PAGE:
The fabrics used in each section take the form of long, continuous, endless moving belts. They are either woven in endless form or seamed into that form. Depending on the papermachine, the belts can be from 1 to 10 meters wide and of considerably longer total length.
As stated rather implicitly above, the paper manufacturing operation is continuous. In other words, furnish is continuously applied to the wire, forming a wet sheet which is transferred, in turn, to the press and dryer section, emerging finally as some form of paper product.
The fabrics used in the forming stage will be our chief concern here. The forming fabrics, or wires, play a crucial role in the papermaking process. They must be highly permeable and allow large quantities of water to drain quickly from the furnish, and must be of a weave to assure optimum sheet formation. Of equal importance, the upper surface of the forming fabric, to which the furnish is applied, should be as smooth as possible in order to assure the formation of a smooth, unmarked sheet.
Formerly, the fabrics used in the forming section were woven from metal threads. For this reason, they are still commonly referred to in the papermaking industry as wires, even though most are now woven from synthetic monofilament.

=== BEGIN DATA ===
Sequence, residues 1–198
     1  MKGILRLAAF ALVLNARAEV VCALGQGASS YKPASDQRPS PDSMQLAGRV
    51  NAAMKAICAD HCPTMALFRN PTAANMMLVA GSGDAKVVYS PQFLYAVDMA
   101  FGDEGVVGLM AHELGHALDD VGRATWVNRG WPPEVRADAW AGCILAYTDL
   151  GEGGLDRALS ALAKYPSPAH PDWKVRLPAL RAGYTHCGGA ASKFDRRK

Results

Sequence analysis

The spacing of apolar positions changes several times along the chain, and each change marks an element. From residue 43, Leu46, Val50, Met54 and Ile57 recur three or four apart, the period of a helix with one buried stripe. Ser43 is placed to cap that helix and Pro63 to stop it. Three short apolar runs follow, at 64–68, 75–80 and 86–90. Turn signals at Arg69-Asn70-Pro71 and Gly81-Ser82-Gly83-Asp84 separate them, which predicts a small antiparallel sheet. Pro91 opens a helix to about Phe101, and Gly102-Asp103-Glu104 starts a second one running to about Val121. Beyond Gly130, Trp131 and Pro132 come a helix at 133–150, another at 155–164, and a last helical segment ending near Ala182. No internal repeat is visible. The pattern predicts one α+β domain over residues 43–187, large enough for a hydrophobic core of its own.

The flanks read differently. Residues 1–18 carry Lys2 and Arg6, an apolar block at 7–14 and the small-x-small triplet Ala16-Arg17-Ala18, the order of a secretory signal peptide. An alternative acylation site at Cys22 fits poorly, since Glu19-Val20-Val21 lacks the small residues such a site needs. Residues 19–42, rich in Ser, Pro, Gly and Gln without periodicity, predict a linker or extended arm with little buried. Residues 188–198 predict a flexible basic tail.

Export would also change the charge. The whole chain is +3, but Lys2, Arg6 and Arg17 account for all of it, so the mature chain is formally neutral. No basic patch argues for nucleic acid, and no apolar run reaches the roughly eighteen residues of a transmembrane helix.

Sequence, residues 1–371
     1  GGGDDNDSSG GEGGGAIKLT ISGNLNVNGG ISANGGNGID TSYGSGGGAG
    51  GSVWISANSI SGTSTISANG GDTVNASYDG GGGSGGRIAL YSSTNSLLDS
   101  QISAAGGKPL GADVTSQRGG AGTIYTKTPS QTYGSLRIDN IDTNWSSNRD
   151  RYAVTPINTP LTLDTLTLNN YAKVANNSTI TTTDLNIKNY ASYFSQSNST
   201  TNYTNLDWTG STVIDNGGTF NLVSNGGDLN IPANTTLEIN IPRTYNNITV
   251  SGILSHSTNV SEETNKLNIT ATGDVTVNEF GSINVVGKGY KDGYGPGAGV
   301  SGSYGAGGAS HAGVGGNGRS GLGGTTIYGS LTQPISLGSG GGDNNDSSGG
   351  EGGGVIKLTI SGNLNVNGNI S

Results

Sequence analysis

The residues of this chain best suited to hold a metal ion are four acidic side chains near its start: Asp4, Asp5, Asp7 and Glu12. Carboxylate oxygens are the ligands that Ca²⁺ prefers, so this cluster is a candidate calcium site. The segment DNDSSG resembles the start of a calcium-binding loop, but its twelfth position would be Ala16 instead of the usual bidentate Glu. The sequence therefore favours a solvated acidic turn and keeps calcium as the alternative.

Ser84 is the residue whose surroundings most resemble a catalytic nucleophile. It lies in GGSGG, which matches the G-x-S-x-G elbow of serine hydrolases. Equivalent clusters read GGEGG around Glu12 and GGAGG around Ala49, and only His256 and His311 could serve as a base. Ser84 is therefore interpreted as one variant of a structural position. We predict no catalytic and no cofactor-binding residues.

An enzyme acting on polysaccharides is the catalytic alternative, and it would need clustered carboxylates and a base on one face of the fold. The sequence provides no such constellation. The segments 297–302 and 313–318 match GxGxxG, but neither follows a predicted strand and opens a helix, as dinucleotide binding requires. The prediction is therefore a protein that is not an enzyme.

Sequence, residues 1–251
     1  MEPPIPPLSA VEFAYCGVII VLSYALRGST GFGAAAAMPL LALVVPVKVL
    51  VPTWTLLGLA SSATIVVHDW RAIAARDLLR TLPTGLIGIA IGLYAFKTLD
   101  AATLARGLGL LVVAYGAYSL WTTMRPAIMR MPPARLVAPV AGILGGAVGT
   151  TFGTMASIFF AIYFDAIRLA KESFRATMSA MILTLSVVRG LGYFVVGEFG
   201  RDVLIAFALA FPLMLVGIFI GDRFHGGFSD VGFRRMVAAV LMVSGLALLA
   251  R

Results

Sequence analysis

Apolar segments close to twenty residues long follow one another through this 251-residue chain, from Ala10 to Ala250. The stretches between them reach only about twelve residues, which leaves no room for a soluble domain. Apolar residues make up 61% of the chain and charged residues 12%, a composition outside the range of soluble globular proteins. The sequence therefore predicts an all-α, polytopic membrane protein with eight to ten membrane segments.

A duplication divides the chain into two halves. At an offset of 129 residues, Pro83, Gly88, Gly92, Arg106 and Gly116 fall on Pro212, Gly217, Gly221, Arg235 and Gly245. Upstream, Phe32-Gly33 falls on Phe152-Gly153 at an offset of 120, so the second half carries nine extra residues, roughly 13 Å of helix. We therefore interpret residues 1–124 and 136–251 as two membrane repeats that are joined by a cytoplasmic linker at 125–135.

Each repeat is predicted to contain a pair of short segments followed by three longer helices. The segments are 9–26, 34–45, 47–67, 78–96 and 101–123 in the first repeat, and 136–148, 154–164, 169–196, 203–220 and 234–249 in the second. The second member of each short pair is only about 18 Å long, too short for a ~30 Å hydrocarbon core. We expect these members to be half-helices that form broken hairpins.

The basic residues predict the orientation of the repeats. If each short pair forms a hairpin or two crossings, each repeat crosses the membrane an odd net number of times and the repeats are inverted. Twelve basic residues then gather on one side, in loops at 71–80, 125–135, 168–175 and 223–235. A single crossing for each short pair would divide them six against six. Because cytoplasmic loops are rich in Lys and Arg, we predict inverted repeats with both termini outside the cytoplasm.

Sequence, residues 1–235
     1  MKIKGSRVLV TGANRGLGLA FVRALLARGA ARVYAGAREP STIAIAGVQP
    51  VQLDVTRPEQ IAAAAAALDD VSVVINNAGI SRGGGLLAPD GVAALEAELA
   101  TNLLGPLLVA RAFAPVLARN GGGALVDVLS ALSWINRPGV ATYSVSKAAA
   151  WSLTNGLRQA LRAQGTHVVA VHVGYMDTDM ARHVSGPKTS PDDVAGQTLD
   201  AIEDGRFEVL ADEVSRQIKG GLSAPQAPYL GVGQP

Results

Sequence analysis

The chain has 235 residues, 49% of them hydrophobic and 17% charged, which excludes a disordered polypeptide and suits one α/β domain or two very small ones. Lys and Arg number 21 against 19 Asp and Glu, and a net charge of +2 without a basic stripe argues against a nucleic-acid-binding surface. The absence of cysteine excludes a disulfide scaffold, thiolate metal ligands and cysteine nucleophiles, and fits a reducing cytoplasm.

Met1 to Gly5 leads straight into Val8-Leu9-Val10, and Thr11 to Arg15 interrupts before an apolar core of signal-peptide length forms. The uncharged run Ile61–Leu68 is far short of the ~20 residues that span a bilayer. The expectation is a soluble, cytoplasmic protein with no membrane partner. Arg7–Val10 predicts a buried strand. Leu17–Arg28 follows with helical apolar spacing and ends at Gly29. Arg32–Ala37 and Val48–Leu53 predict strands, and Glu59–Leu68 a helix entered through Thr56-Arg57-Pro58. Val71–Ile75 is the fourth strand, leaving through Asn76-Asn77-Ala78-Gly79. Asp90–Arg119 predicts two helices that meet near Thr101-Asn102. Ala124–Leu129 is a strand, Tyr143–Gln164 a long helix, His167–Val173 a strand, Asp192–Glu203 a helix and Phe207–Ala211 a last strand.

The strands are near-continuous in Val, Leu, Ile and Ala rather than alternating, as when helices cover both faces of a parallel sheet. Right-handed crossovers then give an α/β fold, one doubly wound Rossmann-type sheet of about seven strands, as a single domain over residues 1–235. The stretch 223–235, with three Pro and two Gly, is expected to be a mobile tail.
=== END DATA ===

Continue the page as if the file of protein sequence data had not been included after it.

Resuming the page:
A wide variety of these fabrics are in current use, and can be characterized by weave pattern and number of layers. One chooses a particular fabric to meet the requirements of the machine on which it is to be installed and the kind of paper to be produced.
Generally, the systems of yarns in a woven fabric lie in directions which can be identified with reference to the directions they take when the fabric is in its position of use on the papermachine. The machine direction yarns lie in the direction in which the fabric as a whole moves when the machine is operating and, accordingly, must bear forces of tension associated with this motion.
Transverse to the machine direction yarns are cross-machine direction yarns. By contrast, the cross-machine direction yarns are subjected to very little, if any, tension on the papermachine.
In some of the weave patterns in current use, the cross-machine direction yarns pass over more than one machine direction yarn before weaving under one such yarn and repeating the pattern. A fabric is thereby produced having an upper surface formed primarily from the cross-machine yarns or shutes. Normally, this side is used for the formation of the paper sheet, and can be referred to as the long-shute knuckle side.